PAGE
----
Human Growth Hormone for Short Children

Posted on September 2, 2015 by:

 

Some children are not growing as fast as their peers. These are children who probably will not reach normal height by adulthood without some type of intervention. The culprit could be a pituitary gland that isn’t producing enough growth hormone.

A child’s maximum height is usually determined by genetics. A child’s parents could predispose them to a below average height. And while most children will follow their parents’ growth pattern, those between age 4 and puberty grow about 2 inches a year and even faster after puberty. If this is not the case, HGH or growth hormone therapy delivered by daily injection is helping children to grow.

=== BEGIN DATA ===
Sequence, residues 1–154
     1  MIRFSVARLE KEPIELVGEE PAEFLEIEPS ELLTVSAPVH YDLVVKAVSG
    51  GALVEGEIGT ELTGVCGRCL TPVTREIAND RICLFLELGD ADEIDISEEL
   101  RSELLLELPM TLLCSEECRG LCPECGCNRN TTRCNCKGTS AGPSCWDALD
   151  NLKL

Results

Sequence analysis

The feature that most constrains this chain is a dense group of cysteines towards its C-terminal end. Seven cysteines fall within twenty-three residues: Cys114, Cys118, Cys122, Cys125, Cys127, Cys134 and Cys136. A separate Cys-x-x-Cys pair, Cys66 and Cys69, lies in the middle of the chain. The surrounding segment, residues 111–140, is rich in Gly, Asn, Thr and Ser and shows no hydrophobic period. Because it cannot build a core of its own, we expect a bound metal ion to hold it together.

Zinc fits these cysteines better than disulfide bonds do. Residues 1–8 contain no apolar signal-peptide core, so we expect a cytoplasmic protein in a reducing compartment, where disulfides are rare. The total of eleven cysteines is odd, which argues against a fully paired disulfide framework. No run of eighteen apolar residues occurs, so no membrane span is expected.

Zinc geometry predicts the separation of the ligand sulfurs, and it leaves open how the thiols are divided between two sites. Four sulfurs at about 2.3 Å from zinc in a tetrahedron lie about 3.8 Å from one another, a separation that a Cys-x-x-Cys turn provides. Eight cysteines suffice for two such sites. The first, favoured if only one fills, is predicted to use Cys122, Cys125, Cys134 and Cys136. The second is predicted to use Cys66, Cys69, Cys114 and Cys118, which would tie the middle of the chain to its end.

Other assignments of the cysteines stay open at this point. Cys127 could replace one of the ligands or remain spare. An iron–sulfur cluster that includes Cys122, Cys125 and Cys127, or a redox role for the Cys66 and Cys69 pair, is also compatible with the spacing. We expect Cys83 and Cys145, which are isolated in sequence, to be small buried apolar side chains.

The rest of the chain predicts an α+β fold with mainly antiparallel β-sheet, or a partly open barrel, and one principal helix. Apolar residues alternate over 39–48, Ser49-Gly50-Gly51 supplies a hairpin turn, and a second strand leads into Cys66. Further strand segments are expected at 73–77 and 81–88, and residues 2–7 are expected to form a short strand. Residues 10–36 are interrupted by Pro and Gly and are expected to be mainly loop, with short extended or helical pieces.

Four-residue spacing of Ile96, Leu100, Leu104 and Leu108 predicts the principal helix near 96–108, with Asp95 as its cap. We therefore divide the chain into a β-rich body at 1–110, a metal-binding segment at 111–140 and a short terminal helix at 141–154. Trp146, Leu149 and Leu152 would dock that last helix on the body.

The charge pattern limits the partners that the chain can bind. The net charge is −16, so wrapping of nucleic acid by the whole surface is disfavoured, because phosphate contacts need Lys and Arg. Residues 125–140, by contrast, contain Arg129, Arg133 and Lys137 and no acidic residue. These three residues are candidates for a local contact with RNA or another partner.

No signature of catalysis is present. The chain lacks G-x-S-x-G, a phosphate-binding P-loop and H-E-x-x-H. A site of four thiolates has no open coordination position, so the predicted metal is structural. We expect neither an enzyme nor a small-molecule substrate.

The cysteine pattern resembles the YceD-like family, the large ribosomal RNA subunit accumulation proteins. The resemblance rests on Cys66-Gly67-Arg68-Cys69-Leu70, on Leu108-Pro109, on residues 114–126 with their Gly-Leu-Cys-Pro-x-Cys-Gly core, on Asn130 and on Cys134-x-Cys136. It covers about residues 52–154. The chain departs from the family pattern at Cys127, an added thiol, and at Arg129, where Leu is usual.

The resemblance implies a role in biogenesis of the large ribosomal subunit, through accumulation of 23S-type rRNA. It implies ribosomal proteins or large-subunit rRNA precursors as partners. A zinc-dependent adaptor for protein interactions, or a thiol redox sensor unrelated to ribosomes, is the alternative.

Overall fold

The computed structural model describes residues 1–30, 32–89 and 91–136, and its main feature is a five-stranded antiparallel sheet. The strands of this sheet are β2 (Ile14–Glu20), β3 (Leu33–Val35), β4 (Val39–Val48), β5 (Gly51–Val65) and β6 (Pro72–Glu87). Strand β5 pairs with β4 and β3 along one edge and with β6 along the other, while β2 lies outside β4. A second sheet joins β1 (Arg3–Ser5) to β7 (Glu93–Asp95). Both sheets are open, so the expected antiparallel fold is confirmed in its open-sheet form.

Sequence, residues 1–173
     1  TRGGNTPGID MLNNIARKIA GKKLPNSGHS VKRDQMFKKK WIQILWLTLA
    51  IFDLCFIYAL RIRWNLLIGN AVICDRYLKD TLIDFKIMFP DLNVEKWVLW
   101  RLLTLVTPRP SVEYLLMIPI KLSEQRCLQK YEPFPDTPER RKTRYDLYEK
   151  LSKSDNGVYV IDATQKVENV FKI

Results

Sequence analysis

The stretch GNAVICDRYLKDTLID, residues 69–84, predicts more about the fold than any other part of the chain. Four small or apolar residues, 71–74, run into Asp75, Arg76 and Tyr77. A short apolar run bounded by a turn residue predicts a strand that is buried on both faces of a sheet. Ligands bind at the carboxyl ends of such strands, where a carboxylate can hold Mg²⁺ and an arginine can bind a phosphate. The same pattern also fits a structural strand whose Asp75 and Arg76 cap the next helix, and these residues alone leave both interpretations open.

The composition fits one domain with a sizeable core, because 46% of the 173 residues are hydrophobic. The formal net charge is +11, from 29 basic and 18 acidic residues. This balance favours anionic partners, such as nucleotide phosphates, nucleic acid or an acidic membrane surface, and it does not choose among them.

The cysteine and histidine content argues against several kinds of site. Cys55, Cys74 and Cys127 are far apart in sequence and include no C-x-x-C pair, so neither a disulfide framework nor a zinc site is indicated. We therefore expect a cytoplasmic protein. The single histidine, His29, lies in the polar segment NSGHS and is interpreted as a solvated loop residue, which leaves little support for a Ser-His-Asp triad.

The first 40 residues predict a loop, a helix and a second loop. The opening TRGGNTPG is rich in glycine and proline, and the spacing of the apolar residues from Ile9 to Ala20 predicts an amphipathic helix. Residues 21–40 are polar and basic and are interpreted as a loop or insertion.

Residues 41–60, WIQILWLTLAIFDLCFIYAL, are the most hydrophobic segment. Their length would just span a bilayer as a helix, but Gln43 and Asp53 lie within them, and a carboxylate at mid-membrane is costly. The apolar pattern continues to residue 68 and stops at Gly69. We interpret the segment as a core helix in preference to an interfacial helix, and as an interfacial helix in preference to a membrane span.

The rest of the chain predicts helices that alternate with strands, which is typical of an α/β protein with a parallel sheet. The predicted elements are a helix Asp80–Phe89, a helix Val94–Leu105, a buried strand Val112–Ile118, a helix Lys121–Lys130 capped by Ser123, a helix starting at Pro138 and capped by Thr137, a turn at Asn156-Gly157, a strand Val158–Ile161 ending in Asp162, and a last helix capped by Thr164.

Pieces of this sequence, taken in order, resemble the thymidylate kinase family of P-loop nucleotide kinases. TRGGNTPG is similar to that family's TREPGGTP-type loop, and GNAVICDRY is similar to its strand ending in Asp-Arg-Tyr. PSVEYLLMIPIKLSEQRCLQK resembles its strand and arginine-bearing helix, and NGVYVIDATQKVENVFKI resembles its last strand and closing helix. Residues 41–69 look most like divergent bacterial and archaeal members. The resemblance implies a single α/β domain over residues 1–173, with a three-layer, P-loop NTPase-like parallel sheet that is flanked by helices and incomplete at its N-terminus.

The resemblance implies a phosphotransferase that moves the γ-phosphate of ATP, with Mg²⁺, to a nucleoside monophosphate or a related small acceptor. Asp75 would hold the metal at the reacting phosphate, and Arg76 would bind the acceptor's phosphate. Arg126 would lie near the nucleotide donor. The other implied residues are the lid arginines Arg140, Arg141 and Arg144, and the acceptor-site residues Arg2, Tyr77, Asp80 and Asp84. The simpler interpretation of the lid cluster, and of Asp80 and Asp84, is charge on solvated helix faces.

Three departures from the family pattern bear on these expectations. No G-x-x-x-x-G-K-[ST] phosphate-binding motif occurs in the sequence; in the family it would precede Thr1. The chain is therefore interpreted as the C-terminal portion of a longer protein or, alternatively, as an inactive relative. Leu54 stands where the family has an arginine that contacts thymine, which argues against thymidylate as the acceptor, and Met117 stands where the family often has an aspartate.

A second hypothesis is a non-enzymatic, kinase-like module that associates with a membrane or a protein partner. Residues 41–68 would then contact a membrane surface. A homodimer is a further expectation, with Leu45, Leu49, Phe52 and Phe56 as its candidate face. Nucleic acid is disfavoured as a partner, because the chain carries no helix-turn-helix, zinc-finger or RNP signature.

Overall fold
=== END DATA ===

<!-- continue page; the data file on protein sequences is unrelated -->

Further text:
A parent may notice slow growth in infancy and as the child ages. To determine if HGH therapy is a solution, the child’s pediatrician should be consulted. He/she will monitor the child’s growth curve over a period of months and may order a blood test, x-rays or an MRI. The therapy is usually only recommended if a child is growing less than two inches a year and the reason for the growth deficiency is determined.

Treatment involves daily injections for a minimum of six months prior to puberty and could extend to more than a year. The condition should be treated as early as possible to allow the child to grow to a near normal height. It is possible to see at least a 4 inch gain in height the first year and 3 or more inches over the next 2 years.

HGH therapy does not work for every child and may carry side effects such as bloating and abdominal pain, nausea and vomiting, breast enlargement, edema and fatigue. The decision to begin HGH therapy should be determined with the help of a child’s physician after testing and monitoring results are complete.

 

 

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